On consultation with a dermatologist, she was diagnosed with vitiligo and treatment continued

for a few months with no improvement. She discontinued the treatment and has not been on any drugs since then.



In the year 2009 she suffered from chicken pox for which she took allopathic treatment and was cured.


Mother- 51 years old, has had hypothyroidism for 10 years

Father- 55 years old, tuberculosis of lung at age of 25years

Sibling- one brother of 30 years, alive and healthy

No history of vitiligo in the family.


        Thermals – Chilly

        Appetite – Adequate, 3 meals/day; 2 chapatis/meal

        Thirst – 2 to 3 liters, at room temperature.

        Desire- Cheese

        Aversion- Fruits of all kinds

        Intolerance- N/S

        Urine-D4N2. Feels an urge to go again; seems as if the bladder has not been emptied fully from a few years. Pale yellow, non-offensive. No associated complaint

        Stool- D1N0, satisfactory and hard stool

        Taste- N/S

        Tongue- Clean and moist

        Perspiration- Scanty;(if it comes then only on face) non offensive, non-staining

        Sleep- No specific position nor any movements during sleep.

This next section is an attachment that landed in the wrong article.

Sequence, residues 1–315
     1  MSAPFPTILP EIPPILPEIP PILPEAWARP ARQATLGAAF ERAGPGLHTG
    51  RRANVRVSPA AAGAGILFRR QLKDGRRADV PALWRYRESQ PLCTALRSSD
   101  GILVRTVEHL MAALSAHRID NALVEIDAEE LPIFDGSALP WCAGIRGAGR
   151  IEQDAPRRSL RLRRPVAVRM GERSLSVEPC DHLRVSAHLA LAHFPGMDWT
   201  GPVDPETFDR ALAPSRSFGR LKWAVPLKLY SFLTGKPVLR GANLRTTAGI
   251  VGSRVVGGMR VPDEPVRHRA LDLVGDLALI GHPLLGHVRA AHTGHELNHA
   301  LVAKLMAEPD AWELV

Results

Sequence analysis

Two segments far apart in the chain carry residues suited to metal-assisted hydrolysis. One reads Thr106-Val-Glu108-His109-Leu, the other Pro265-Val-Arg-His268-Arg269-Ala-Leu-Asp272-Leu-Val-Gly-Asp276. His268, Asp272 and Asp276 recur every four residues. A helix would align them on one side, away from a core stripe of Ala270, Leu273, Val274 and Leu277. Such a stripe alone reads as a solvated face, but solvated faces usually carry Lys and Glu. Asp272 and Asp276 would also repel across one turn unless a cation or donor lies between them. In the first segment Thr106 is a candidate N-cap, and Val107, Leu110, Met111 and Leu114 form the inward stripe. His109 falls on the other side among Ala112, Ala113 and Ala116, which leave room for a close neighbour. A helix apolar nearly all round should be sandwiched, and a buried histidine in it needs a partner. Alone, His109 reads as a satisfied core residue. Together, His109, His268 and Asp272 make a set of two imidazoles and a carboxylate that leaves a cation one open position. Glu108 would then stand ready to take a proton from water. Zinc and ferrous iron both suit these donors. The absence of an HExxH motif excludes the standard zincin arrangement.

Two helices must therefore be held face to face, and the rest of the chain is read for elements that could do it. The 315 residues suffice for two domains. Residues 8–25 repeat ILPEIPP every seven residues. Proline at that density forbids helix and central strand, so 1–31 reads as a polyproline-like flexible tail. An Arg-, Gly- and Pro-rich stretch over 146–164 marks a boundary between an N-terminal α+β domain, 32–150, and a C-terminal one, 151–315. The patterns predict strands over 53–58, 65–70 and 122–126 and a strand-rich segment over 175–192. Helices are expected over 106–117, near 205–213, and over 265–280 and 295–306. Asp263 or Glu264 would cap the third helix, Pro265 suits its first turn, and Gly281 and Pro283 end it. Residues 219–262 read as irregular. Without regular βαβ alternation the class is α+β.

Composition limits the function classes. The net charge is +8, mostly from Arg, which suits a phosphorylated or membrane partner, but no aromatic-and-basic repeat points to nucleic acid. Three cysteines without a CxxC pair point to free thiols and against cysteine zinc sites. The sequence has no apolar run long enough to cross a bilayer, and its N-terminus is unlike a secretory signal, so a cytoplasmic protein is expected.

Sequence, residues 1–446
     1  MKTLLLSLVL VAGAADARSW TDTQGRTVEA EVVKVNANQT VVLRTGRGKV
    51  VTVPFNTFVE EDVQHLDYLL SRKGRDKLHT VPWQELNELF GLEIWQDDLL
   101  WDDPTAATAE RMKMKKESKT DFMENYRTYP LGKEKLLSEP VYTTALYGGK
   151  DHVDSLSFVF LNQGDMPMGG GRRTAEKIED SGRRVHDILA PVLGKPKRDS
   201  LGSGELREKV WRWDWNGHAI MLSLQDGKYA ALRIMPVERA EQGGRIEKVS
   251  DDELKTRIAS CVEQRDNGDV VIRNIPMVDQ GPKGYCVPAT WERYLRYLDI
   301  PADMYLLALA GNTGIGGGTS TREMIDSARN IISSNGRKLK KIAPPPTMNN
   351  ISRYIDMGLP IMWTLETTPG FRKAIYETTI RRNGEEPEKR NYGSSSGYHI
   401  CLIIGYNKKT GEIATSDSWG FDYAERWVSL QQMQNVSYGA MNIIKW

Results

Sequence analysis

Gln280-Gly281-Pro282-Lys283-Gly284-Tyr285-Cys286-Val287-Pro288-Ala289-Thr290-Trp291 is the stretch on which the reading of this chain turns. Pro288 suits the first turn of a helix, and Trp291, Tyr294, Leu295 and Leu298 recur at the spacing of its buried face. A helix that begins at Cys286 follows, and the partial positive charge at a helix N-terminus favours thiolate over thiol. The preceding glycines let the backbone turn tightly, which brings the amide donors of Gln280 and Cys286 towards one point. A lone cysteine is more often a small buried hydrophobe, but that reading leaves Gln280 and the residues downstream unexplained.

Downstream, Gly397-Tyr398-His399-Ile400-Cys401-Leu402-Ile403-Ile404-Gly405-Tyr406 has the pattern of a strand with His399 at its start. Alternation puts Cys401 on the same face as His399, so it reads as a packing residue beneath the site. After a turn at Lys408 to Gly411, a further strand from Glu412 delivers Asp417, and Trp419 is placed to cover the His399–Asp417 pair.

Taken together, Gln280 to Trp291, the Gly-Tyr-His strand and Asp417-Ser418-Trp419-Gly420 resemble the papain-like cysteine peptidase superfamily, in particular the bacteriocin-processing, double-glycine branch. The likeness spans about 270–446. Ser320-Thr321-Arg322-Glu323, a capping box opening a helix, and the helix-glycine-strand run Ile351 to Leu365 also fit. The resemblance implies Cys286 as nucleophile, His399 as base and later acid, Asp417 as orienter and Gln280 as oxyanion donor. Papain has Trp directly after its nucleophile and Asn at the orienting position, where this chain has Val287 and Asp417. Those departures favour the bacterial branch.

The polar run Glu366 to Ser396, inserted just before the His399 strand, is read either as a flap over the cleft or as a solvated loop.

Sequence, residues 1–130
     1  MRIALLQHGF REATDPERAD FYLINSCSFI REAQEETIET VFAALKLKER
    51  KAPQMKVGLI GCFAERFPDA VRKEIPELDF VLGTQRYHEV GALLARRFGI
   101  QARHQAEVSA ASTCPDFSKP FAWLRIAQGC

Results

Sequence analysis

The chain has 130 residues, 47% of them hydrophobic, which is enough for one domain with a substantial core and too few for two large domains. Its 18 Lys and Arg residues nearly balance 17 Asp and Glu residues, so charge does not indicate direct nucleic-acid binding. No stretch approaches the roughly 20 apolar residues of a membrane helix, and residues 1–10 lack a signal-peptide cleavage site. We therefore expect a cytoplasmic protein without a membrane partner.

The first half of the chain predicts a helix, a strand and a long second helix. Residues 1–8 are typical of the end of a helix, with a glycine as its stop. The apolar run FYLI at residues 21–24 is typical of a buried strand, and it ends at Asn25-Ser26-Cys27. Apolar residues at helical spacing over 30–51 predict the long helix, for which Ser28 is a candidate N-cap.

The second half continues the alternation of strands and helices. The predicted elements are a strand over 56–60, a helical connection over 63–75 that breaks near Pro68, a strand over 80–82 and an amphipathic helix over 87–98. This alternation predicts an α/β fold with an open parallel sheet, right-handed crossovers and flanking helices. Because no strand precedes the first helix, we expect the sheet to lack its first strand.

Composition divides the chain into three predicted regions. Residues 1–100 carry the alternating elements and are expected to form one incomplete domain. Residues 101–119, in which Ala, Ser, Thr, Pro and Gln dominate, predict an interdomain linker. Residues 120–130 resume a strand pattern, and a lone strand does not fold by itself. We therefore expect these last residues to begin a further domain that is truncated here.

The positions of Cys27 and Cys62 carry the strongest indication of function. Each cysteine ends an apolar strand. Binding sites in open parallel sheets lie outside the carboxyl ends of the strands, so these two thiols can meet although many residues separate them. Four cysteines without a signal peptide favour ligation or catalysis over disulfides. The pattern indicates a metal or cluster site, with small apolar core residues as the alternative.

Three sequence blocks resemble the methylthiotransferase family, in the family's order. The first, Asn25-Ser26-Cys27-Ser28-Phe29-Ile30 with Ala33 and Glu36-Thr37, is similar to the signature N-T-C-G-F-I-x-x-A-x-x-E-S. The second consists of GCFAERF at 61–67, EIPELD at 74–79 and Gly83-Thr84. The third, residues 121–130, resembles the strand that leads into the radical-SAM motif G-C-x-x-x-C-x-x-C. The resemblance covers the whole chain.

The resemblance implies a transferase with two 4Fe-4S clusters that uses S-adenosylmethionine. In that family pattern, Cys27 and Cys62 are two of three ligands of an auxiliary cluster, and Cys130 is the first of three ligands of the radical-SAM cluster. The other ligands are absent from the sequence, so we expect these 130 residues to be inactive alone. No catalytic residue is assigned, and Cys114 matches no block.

Menarche at the age of 13 years.

Her last menstrual period was on 5 May 2022. Usually, her cycle has a duration- of 4 to 5 days and at an interval of 28+-4 days

The character of flow is moderate, uses 2 to 3 pads/day; dark red in color, with few clots. Stringy, and slightly offensive.

Associated complaints- backache during menses for initial 2 days; >allopathic medicines


The patient’s school life was not pleasant. She had a fight with her only friend in class 9th and was isolated by other classmates in school. She felt cheated by her and still thinks of that event. This incident has left a deep impact on her life with the notion that she will be left alone in every relationship. She is impatient and can not tolerate contradictions of any kind. This often lands her in an argument with others.



Site- Lateral border of the left index finger

Shape- Circular

Symmetry: Non-symmetrical

Border: Irregular

Colour: Hypopigmented


She was dark-complexioned and moderately built, weight 58 kgs. And height 155 cms; blood pressure was maintained at 124/80 mm of Hg, Pulse rate of 75/minute, and Respiratory rate of 20/minute.